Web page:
Tutorial I: Introduction to Proteome Informatics [Chair: David Tabb]
August 11, 2013
Abstract:Identifying proteins and post-translational modifications (PTMs) from tandem mass spectrometry data depends heavily on an ecosystem of algorithms that has emerged during the last decade. This workshop introduces major elements of the protein identification and quantitation pipelines and describes a strategy for proteogenomic experiments with both RNA-Seq and proteomic data. The content is designed to be accessible to computer scientists and bioinformaticists who have not previously worked with proteomics data sets.
Instructors:David L. Tabb, Ph.D., is an associate professor of Biomedical Informatics at Vanderbilt University. He has developed algorithms for protein identification since 1996, when he began graduate school in the Laboratory of John Yates. He contributes bioinformatics expertise for two National Cancer Institute programs in proteomics: the Clinical Proteomics Technology Assessment for Cancer and the Early Detection Research Network.
Yao-Yi Chen, M.S., is a Ph.D. candidate with the Department of Biomedical Informatics at Vanderbilt University. She has applied her Master’s degree in Biostatistics in the area of comparative and quantitative proteomics, with multiple publications and an oral presentation at the prestigious American Society of Mass Spectrometry.
Matthew C. Chambers, B.S., is a bioinformatics systems engineer with the Department of Biomedical Informatics at Vanderbilt University. He plays a key role in the development of the ProteoWizard library that enables support for raw data import from the native file formats of many mass spectrometry vendor. He has also played a key role in the standardization of file formats for proteomics.
Xiaojing Wang, Ph.D., is a postdoctoral research associate in Dr. Bing Zhang’s group at Vanderbilt University. She joined Dr. Zhang’s group in 2010 with a Ph.D. degree in bioinformatics. She develops bioinformatics tools that utilize proteomic data to facilitate the functional interpretation of genomic variations.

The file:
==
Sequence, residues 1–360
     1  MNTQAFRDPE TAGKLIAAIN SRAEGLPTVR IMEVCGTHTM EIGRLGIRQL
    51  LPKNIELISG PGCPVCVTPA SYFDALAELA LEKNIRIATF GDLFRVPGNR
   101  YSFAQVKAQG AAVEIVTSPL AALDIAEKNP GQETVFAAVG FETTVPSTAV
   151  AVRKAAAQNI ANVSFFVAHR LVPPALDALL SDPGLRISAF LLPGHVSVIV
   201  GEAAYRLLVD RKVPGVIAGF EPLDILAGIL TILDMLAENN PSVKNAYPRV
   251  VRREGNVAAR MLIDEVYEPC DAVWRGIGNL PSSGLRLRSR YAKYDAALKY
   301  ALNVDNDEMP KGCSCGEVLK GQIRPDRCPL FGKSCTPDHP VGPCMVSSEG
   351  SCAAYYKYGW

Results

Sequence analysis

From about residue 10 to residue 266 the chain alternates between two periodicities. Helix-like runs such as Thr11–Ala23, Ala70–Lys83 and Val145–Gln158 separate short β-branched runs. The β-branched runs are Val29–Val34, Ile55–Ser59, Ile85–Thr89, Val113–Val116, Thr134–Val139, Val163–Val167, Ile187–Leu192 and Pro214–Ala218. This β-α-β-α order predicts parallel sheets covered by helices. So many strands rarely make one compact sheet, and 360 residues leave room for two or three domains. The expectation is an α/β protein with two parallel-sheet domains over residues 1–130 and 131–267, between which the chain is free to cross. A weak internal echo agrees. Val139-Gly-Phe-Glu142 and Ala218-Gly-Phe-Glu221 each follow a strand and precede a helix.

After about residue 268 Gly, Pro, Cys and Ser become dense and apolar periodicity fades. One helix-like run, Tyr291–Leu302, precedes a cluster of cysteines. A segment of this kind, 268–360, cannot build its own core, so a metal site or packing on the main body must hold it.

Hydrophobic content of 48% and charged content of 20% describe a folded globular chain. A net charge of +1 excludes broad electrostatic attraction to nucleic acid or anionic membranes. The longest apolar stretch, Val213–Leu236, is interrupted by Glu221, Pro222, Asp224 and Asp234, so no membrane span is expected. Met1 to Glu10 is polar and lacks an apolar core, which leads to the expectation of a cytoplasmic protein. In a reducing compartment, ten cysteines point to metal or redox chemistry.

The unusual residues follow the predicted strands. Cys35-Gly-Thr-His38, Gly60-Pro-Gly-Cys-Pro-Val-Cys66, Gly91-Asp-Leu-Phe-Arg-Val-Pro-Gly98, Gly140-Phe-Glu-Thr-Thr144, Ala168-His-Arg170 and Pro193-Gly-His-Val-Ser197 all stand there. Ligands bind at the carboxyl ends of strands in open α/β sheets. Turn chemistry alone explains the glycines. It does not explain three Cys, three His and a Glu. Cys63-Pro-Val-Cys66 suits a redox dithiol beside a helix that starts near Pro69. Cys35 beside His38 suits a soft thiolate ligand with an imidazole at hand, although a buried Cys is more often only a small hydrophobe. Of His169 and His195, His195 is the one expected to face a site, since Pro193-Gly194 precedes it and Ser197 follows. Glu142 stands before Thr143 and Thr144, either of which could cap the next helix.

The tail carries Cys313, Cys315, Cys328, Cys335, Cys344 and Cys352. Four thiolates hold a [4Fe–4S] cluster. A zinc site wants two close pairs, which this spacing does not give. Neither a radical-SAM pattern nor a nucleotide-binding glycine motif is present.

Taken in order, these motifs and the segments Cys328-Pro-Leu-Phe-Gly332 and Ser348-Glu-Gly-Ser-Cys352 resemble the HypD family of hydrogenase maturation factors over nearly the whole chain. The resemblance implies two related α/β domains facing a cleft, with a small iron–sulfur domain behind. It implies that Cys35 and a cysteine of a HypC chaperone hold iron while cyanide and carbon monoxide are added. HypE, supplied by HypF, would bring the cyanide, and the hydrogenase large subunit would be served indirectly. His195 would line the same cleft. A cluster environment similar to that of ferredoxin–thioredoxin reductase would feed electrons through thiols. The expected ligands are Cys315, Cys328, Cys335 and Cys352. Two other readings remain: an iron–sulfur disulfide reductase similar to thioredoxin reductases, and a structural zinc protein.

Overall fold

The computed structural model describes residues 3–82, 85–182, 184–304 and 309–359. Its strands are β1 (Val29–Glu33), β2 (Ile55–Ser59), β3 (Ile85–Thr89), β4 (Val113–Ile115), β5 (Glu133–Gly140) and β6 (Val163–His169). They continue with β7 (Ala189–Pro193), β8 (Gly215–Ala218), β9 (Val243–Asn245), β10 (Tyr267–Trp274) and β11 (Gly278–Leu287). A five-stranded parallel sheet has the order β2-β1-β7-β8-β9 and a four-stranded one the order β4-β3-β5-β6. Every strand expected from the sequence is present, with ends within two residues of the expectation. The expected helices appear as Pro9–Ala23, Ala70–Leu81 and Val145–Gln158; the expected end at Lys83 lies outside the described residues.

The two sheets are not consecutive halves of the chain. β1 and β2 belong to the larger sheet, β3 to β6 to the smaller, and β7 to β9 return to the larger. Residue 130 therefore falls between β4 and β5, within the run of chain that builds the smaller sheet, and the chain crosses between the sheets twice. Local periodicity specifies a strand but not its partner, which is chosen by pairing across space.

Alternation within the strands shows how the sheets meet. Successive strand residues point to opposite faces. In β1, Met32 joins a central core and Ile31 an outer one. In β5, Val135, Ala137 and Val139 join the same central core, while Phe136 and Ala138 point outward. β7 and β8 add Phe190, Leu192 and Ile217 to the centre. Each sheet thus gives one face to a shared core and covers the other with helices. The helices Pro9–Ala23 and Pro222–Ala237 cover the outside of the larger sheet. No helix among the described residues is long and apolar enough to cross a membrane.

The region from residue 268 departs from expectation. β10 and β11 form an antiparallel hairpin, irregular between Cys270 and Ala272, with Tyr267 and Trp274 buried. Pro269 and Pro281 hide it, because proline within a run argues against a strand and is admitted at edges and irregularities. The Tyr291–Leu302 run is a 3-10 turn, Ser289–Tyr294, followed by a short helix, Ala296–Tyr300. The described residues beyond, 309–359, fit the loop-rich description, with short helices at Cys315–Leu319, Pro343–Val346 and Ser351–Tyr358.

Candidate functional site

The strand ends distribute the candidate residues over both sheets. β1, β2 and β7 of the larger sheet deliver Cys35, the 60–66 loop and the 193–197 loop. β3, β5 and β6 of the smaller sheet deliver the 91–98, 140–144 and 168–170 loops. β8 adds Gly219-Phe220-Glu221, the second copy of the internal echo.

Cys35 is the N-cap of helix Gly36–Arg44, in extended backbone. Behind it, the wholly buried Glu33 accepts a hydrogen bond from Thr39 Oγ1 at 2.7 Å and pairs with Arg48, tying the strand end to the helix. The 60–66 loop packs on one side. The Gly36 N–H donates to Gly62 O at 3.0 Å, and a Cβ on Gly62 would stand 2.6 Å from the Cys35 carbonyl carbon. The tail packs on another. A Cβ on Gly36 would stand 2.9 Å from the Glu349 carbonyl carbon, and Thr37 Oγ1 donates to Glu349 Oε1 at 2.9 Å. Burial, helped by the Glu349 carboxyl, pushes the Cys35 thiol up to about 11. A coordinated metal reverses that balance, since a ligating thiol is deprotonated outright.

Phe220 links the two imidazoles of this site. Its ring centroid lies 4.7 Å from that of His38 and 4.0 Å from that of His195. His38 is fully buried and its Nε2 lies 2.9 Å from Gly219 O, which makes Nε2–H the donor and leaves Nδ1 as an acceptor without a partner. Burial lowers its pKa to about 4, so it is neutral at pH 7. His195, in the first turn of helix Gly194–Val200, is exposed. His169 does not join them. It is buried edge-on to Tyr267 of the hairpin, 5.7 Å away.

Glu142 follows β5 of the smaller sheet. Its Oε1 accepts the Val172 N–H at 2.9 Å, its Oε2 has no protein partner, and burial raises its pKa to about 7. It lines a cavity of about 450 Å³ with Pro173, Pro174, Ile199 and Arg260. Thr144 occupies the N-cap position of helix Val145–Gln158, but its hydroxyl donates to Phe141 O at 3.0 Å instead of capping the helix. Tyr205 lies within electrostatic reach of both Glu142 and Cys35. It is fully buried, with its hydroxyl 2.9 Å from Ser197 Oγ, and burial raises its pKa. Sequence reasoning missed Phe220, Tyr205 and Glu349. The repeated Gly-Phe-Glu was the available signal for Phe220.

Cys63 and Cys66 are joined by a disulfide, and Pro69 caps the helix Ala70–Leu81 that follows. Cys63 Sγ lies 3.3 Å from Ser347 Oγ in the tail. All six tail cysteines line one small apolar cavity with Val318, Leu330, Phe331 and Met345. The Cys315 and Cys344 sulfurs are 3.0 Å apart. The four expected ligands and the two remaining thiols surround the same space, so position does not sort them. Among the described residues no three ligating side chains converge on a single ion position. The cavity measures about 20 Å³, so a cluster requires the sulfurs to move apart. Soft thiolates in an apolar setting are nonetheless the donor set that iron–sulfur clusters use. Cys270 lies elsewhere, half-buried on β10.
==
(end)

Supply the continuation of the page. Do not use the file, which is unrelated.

Tutorial II: Pathway and network analysis tutorial [Chair: Alexander Pico]
August 11, 2013
Network Visualization and Analysis with Cytoscape
The network perspective on biology aims to bring meaningful context to high-throughput data for exploratory analysis, interpretation and hypothesis generation. As a free and open source tool, Cytoscape has become the most popular network visualization and analysis tools in the biological sciences. It is now cited in over 400 publications per year and downloaded over 7,000 times per month. This tutorial will provide a general introduction to network biology studies and Cytoscape concepts, including a hands-on session for universal data import and demonstration of a few of the over 100 freely available apps contributed by the Cytoscape developer community. By the end of this tutorial, you should be able to import any tabular data and integrate it with public sources of networks, pathways and other datasets. The tutorial will focus on the 2.8.3 version of Cytoscape (which has the largest pool of apps) while briefly introducing the benefits and major differences of the latest 3.0.1 release. Recommended: Download and install Cytoscape 2.8.3 prior to the tutorial.
WikiPathways is a collaborative platform for building, curating and distributing biological pathway knowledge for the research community. This non-traditional approach allows YOU to easily build your own pathway models highlighting the biological processes that are most relevant to your research. The resulting models are then immediately available to you and the community as image files AND as data files that can be loaded into various data visualization and analysis tools, including PathVisio and Cytoscape. The contributed models are available via direct download, web services and a sparql endpoint. Receiving 25,000 visits per month, WikiPathways is experiencing a steep increase in participation and access. This tutorial will provide a general introduction to the navigation and access tools at WikiPathways, as well as how to get started building and editing pathways of your own. By the end of this tutorial, you should be able to find pathways of interest from multiple starting points and to begin your own collaborative curation project. Recommended: Consider pathways of interest to your research and see if you can find existing images or diagrams online to serve as starting material for a new pathway model.
Biological networks have become a valuable model for the visualization and integration of different types of omics data. However, traditional node-link diagram-based network visualization becomes inadequate as network size and data complexity increase. This tutorial will introduce NetGestalt, a novel web-based data integration framework for addressing this challenge. NetGestalt transforms the traditional two-dimensional depiction of networks into a scalable one-dimension representation by exploiting the inherent hierarchical modular organization of biological networks. Thus, it allows simultaneous presentation of large-scale experimental and annotation data from various sources in the context of a biological network to facilitate data visualization, analysis, interpretation, and hypothesis generation. By the end of this tutorial, you should be able to understand the concept of the tool, prepare and upload your own data into NetGestalt, and perform different types of analysis in NetGestalt to generate hypothesis. Recommended: Prepare some omics data from your research (e.g. gene expression matrices, gene mutation profiles, t-statistics from differential expression analyses, or lists of interesting genes. Genes should be identified by gene symbols).